The Kite Runner
Adapted by Matthew Spangler, based on the novel by Khaled Hosseini
Nottingham Playhouse Theatre Company and Liverpool Everyman and Playhouse
For many people, Afghanistan is known only through reports of violence with places such as Kabul and Helmand familiar as strategic military outposts rather than vibrant communities.
Hosseini’s best-selling novel of 2003 is set in Afghanistan, a long-time target of many invading forces including Alexander the Great and Genghis Khan. This returning stage adaptation of The Kite Runner begins as Afghanistan is again making the headlines with UK troops heading towards a full withdrawal from this troubled country.
It is now just over a year since British Theatre Guide’s Steve Orme reviewed the European première of Matthew Spangler’s 2009 adaptation of Hosseini’s novel, with the play then enjoying a successful run in Nottingham, Liverpool and Brighton. Now returning to Nottingham Playhouse, The Kite Runner begins a ten-week UK tour with just a few changes to the original cast.
The Kite Runner is an emotional study of father-son relationships set against the backdrop of Afghanistan’s transition from relative peace in the early 1970s to the fall of the monarchy, Russian invasion and the rise of the Taliban by the end of the decade. Twelve-year-old Amir is the son of an influential Afghan businessman and our narrator as his life and the fortunes of his country unravel.
Amir is best friends with his father’s servant’s son Hassan and the complex, guilt-laden relationship between father, son and servant’s son is key to the play. Andrei Costin as Hassan is one of the few changes to the cast from the 2013 production, capturing Hassan’s downtrodden yet ultimately noble character well.
Ben Turner returns to the role of Amir with a compelling and engaging performance; Amir does not always take a heroic course of action yet Turner’s emotional depth draws sympathy and understanding. True to the novel, Amir’s story is told chronologically from his journey as privileged child in the East to his family’s escape and new life as Afghan immigrants in the liberal San Fransisco West.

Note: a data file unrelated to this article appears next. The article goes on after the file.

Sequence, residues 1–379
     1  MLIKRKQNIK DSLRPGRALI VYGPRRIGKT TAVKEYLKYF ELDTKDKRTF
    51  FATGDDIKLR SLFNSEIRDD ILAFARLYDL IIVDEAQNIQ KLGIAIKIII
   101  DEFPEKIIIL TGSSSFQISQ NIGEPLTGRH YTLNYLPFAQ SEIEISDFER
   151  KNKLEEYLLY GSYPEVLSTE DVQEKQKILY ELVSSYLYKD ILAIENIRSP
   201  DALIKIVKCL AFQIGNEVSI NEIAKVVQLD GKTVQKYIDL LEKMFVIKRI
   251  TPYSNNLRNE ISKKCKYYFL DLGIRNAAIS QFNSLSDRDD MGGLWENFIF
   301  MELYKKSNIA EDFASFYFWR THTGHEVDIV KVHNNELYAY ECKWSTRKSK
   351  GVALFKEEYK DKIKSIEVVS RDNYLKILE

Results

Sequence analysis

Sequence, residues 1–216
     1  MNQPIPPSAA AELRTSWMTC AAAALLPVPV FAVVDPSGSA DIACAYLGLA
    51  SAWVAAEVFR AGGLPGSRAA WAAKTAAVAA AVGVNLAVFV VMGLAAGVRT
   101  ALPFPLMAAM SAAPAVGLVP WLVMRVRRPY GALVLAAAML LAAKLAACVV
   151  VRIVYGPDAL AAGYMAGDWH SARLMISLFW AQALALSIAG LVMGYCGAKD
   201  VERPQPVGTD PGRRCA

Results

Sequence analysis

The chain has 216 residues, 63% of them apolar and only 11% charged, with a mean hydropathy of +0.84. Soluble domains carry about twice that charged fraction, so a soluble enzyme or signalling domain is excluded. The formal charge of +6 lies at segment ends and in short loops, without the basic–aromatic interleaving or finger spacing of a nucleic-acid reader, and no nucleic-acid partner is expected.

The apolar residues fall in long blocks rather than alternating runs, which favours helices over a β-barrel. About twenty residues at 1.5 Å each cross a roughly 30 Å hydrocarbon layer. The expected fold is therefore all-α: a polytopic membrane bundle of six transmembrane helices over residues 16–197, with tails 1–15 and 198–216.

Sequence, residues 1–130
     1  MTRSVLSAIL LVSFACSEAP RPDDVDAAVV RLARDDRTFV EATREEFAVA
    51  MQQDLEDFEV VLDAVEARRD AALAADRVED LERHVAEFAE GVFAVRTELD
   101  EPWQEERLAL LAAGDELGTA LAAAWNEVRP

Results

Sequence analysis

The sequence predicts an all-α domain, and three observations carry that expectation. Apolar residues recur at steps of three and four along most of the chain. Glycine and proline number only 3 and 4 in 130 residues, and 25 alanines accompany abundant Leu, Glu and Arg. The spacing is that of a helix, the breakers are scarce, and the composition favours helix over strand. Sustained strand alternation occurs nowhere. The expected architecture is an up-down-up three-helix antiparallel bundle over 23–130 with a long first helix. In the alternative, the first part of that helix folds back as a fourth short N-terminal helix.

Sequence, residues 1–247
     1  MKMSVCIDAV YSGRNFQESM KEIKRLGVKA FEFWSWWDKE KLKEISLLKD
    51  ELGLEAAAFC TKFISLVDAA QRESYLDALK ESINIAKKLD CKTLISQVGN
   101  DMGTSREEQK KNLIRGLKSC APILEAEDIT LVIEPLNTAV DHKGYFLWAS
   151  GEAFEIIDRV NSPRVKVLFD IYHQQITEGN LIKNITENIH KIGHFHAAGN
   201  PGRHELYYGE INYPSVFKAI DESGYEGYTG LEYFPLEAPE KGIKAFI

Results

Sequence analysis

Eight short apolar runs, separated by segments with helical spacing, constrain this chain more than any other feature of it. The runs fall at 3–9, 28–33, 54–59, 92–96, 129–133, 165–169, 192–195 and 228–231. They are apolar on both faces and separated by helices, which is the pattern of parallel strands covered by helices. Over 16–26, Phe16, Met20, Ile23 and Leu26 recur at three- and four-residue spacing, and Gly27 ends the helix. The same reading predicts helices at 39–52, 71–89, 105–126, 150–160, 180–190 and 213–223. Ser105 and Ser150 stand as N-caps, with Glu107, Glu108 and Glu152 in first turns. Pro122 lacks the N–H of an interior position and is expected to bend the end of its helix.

Barney George’s set design is minimal but effective; use of the kite-like screen as backdrop for various projected settings is beautifully done with Hanif Khan’s on-stage tabla accompaniment enhancing the atmosphere. The kite running scenes are clever, the kites themselves mesmeric combined with eerie sounds created by the cast’s use of hand-held wind generators.
Emilio Doorgasingh reprises the role of Baba, Amir’s bear of a father and commanding presence in the community. Baba’s character is the conduit through which Afghanistan’s traditions and cultural heritage are revealed, highlighting the many sects which make up the country and their place within society.
Very much a play about the male experience, Lisa Zahra strikes a lone figure as Amir’s wise and dutiful wife Soraya although there are some issues with projection as some of the cast’s lines, particularly Zahra, are lost in delivery.
The play itself packs in the whole novel and the second act particularly includes unnecessary repetition and exposition which slow the piece; running at over two and a half hours, additional editing would be of benefit.
However, Giles Croft’s thoughtful direction allows this heartbreaking and heartwarming story to unfold and develop with smooth transitions between narration and dramatic action providing a fascinating insight into this often misunderstood nation.
Reviewer: Sally Jack